Going into bowl season, it was clear that Justin Blackmon had been the best wide receiver all season and was destined to be the first receiver taken in the upcoming draft. He didn't disappoint in the Fiesta Bowl either, as he caught eight passes for 186 yards and three touchdowns. He is without a doubt an elite prospect at the position and will be a top 10 pick in April.

Alshon Jeffery also failed to disappoint as his South Carolina Gamecocks took on the Nebraska Cornhuskers in the Capital One Bowl. Jeffery went up against another first-round talent in cornerback Alfonzo Dennard.These two got into it late in the game and were ejected, but it's safe to say that Jeffery won the battle. He racked up 148 yards on four catches and a touchdown.

These two players are clearly 1A and 1B in terms of talent, and where they will go in the draft depends only on the team picking and who they feel will better fit their system.
Jeffery had been slipping on draft boards and at one point was behind Michael Floyd of Notre Dame. Really? I don't see the logic in that.

I'm not saying that Floyd isn't a good receiver, but he shouldn't be in Blackmon's and Jeffery's level. Jeffery proved everybody wrong against Nebraska when he played with a still recovering right hand (he broke it against Clemson), and dominated future first-rounder Alfonzo Dennard.

So which of these two players should be drafted first?

In terms of productivity, Blackmon has Alshon beat by a long shot. Heck, he has everyone beat by a long shot. He recorded 121 receptions for 1,522 yards and 18 touchdowns. Talk about impressive.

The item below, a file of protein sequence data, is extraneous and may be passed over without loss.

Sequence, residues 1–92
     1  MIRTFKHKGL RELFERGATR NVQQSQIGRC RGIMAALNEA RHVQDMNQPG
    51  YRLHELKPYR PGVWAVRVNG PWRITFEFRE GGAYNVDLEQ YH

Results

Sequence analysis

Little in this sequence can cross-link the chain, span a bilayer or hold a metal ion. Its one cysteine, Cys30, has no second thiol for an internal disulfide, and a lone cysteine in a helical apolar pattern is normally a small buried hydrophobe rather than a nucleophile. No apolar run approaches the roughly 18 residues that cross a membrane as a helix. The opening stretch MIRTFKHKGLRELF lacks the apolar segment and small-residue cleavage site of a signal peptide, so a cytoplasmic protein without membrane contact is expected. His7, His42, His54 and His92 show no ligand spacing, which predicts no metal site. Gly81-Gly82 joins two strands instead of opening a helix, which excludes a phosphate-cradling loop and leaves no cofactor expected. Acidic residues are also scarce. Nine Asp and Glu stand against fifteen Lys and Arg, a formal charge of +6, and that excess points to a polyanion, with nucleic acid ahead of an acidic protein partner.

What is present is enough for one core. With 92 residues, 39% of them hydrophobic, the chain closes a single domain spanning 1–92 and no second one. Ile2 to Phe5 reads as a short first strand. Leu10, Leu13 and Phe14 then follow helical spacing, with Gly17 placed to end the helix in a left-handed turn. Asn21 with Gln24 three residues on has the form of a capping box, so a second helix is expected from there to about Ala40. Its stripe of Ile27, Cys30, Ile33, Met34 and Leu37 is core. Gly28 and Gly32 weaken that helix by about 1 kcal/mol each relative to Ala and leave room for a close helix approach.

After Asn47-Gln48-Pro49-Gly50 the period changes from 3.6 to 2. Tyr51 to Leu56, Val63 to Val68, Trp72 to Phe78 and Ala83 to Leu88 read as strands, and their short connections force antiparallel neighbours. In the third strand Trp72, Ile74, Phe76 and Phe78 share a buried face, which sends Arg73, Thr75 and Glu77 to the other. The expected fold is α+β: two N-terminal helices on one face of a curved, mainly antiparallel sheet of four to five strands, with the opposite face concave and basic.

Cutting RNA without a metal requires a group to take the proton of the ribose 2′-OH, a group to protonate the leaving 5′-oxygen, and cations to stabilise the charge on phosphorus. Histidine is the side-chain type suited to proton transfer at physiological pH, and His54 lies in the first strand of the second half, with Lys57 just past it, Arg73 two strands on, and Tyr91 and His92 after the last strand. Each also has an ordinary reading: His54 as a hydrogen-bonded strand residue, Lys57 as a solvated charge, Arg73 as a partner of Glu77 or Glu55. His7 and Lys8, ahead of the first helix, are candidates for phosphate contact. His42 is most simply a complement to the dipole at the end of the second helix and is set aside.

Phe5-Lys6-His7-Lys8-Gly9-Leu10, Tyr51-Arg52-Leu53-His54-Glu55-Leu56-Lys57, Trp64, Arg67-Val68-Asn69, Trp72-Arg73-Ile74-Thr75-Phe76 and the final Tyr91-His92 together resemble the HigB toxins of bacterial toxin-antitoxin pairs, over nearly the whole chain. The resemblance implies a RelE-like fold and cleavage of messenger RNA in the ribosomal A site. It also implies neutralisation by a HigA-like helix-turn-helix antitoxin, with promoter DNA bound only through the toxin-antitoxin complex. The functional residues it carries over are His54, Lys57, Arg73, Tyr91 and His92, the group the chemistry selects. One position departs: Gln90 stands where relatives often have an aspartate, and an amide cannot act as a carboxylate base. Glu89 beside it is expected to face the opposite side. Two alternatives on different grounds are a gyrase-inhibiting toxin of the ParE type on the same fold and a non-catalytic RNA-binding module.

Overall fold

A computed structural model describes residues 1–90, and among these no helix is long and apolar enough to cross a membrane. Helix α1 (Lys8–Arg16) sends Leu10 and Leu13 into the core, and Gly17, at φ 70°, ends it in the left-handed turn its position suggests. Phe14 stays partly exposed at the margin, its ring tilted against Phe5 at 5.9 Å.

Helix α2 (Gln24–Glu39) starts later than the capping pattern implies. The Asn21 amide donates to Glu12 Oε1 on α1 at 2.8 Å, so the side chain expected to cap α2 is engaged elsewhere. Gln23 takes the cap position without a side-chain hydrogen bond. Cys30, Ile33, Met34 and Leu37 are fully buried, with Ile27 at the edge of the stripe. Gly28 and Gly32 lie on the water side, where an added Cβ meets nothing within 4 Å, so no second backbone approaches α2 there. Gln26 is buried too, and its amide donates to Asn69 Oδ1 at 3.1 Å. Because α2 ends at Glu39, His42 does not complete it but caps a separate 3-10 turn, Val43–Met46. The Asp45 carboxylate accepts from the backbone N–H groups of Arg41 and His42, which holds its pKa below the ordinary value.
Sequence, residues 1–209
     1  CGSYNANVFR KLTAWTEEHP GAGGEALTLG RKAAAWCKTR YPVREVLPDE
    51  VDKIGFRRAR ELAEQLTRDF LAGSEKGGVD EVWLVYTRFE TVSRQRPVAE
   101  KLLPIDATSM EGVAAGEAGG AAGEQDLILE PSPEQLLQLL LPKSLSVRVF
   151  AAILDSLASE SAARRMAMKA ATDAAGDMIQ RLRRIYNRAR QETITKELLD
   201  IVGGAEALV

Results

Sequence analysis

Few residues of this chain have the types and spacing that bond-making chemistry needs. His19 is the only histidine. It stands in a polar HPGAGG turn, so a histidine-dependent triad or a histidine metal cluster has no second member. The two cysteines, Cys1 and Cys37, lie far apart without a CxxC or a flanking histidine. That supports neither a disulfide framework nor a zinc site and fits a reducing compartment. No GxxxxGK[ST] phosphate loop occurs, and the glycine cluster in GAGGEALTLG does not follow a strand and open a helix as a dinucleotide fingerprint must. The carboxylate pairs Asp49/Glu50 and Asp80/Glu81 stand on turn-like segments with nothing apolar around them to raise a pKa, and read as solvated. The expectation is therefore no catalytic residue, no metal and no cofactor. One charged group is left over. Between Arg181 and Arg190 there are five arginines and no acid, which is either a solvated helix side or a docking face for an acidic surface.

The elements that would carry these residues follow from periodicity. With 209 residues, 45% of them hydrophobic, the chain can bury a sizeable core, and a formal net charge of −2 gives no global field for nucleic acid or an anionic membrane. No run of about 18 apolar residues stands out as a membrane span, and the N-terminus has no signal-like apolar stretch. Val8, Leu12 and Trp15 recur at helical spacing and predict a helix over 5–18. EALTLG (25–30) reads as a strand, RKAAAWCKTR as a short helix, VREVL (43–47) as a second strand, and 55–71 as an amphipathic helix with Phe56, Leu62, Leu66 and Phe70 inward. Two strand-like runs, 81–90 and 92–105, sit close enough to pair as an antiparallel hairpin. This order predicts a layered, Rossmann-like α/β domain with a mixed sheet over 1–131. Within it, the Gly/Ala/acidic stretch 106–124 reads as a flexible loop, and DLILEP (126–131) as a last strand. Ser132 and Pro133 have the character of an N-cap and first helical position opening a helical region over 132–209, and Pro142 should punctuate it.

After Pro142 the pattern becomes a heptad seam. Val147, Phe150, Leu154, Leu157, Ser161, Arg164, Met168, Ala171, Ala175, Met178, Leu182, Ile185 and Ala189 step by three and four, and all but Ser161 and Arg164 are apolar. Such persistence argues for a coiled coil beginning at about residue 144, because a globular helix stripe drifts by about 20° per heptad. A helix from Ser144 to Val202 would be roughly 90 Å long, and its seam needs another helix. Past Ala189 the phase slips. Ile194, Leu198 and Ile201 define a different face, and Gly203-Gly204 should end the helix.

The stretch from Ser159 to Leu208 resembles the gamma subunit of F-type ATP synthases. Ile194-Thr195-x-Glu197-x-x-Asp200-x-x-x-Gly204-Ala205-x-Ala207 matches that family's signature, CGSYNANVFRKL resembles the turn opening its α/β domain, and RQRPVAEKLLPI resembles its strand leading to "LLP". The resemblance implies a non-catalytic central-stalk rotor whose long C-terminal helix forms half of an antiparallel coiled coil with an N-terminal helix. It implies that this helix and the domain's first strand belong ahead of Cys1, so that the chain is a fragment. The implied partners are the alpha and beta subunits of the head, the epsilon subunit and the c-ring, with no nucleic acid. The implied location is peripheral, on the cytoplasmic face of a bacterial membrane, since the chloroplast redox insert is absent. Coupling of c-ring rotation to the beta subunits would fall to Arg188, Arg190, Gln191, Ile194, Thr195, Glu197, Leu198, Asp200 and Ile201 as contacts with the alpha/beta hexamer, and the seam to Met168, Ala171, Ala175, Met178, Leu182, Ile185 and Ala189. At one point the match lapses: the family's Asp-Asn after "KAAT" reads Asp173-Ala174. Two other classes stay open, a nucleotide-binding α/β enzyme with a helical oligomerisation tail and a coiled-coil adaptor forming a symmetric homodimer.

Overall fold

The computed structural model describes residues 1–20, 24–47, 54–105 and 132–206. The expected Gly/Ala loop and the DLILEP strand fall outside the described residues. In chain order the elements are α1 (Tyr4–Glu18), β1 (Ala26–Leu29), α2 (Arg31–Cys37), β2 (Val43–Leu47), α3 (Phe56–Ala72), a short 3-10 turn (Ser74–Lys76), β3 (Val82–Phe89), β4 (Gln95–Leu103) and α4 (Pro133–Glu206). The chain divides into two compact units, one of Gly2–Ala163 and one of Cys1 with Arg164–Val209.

Jeffery's productivity did suffer a lot because of shady quarterback play from Day 1. Whether it was Stephen Garcia or Connor Shaw, they had the best target in college football and they failed to give him the ball on a constant basis. Jeffery recorded only 49 catches for 762 yards and 8 touchdowns.

One must keep in mind that Blackmon played in a system where the air-it-out style dominated over the ground & pound. He had one of the best quarterbacks in the country throwing him the ball and had a running game that they did not rely on, but it kept defenses honest.

Jeffery wishes he could've had at least someone that could get the ball in his area. The Gamecocks also relied heavily on the run even when star running back Marcus Lattimore went out with a torn ACL.

In terms of measurement, Blackmon is Michael Crabtree's clone. They are both 6'1", 215. Crabtree had a lot of hype coming out of Texas Tech as he had won the Biletnikof Award two years in a row. Remind you of someone?

Crabtree has yet to live up to the hype and has been a dissapointment. He has stepped up this year but is still greatly underachieving. Blackmon has as much, if not more, hype than Crabtree, and I expect him to struggle his first year.

I do think he will live up to expectations starting his second year as he gets accustomed to NFL cornerbacks. Playing in the Big 12 clearly doesn't put you up against top level cornerbacks which might be something to look at when grading Blackmon.

Jeffery, on the other hand, is Brandon Marshall's clone. They both measure 6'4" barefoot and weigh 230. They can both catch passes over the middle or catch the deep balls. They can both rack up yards after the catch and are matchup nightmares for opposing defenses.

Jeffery has better hands than Marshall, which is even scarier. Jeffery has also gone up against SEC defenses and has won almost every battle. Last year, Jeffery went up against Auburn's national championship defense and caught eight passes for 192 yards and two touchdowns. He followed that up by catching seven passes for 127 yards and two more touchdowns against Alabama's defense.

Whether Blackmon goes ahead of Jeffery or vice-versa, both of these players will be great NFL receivers and will follow in the footsteps of recent first-rounders A.J. Green and Julio Jones. The team that drafts either of these players will have a receiver for years to come and will have one of the most feared passing attacks.

Justin Blackmon and Alshon Jeffery are two names every NFL fan will become familiar with in the near future.